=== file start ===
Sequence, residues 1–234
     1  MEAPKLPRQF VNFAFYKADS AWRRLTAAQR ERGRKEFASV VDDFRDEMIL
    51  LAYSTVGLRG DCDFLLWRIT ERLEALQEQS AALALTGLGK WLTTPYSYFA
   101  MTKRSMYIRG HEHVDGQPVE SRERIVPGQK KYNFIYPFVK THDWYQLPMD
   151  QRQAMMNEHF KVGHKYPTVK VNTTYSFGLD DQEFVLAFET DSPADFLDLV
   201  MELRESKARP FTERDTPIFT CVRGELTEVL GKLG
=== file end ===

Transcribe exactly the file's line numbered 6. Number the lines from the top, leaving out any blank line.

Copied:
   201  MELRESKARP FTERDTPIFT CVRGELTEVL GKLG